I don’t cook that often but when I do, I especially like to braise. Braising is a cooking method that typically calls for a few minutes of searing on high heat (this is perfect for chicken thighs or short ribs) followed by some combination of butter, onions, garlic and mushrooms and then some wine or a broth…something to create a sauce.
And once that sauce is reduced, the magic happens: the protein goes back in the pan and the pan goes in the oven, where it cooks for an hour, maybe two. This is when everything comes together, when every ingredient becomes a part of every other ingredient, where the whole truly becomes the sum of its parts.
It’s the combination of short-term and long-term that make this method so effective. You start with intensity to lock in the flavors of the primary ingredient but then you incorporate other flavors, over a longer period of time, to transform what you started with into something altogether more appealing.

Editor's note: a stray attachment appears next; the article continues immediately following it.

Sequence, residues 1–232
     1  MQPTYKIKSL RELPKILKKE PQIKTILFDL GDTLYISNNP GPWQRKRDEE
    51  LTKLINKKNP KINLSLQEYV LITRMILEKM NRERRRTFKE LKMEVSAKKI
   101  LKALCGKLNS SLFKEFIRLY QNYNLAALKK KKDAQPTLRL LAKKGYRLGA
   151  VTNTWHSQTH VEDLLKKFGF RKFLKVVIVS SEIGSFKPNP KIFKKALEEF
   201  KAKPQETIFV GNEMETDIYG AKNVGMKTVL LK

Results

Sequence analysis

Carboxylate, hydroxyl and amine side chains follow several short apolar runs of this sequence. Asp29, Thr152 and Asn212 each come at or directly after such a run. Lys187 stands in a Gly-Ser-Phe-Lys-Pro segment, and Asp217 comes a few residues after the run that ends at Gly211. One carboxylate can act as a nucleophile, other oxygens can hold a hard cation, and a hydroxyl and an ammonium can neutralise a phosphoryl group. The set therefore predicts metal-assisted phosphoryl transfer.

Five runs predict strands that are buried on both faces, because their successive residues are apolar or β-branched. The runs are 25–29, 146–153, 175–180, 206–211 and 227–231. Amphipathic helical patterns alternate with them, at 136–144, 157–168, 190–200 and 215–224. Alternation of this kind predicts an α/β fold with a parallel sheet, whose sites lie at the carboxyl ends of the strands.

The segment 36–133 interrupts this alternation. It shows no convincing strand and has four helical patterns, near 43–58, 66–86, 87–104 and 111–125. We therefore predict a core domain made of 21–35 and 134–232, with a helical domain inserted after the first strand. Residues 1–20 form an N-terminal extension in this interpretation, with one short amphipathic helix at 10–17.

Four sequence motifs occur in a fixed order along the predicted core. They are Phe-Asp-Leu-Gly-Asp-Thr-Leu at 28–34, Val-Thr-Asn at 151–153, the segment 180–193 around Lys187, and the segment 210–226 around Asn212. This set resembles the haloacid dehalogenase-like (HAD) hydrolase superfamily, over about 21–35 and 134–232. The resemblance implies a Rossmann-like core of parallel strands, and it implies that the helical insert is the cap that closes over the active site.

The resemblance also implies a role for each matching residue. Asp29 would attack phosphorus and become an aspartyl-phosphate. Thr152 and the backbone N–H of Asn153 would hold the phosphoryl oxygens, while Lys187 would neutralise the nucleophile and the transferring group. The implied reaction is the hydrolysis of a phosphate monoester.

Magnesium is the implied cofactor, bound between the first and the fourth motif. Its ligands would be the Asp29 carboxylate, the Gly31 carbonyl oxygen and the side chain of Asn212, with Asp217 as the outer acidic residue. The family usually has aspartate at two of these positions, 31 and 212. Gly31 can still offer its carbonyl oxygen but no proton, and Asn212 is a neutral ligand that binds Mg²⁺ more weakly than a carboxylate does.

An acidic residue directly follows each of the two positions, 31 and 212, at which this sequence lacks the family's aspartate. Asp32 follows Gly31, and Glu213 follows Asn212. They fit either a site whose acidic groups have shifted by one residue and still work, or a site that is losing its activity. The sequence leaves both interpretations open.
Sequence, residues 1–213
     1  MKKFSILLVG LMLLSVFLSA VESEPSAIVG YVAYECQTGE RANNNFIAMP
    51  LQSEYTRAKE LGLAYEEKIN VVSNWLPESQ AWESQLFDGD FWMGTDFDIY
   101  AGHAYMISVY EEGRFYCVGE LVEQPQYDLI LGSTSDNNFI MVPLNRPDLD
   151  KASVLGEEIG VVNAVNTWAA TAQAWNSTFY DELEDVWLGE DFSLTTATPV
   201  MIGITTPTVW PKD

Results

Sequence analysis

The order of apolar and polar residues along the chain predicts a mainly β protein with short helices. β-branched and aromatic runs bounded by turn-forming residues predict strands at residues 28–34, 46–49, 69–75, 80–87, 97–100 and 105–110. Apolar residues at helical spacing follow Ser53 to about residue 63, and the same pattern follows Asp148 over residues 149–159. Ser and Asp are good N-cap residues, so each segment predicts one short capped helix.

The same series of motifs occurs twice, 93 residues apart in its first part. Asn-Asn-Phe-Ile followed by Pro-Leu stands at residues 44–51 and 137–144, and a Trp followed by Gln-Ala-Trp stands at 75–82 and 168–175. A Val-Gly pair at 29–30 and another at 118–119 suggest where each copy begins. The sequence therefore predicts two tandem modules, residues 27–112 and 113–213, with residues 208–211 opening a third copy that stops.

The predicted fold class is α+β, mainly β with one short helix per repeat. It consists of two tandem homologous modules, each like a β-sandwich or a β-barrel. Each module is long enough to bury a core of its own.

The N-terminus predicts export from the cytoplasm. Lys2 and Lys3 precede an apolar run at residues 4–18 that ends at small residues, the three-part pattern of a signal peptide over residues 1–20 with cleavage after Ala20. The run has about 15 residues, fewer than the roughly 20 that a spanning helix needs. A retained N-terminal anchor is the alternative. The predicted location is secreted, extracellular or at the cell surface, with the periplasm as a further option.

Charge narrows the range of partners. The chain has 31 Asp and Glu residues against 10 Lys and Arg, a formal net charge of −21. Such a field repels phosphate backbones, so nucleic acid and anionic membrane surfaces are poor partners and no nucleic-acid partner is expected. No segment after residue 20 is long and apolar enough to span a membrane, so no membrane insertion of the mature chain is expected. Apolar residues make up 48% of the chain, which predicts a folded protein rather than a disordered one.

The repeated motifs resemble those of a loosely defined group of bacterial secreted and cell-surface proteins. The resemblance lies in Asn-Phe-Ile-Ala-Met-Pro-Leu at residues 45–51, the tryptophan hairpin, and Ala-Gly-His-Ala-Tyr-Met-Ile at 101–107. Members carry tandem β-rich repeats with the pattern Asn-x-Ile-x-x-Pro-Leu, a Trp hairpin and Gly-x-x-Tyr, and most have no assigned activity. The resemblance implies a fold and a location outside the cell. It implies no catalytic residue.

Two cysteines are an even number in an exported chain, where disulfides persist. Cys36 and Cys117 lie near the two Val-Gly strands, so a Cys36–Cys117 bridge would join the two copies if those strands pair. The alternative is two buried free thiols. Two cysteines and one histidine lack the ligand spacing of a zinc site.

There’s a lesson here for transforming anything that’s important to you. A powerful beginning is essential to any change effort but will only be sustained with the timely addition of the right resources. And anything worth sustaining needs a powerful beginning to show us why the longer term effort is required at all.
What finally emerges is something that resembles all of the original ingredients but through the commitment of time and energy has now taken on a new and even more compelling identity.
DAVID BERRY is the author of “A More Daring Life: Finding Voice at the Crossroads of Change” and the founder of RULE13 Learning. He speaks and writes about the complexity of leading in a changing world.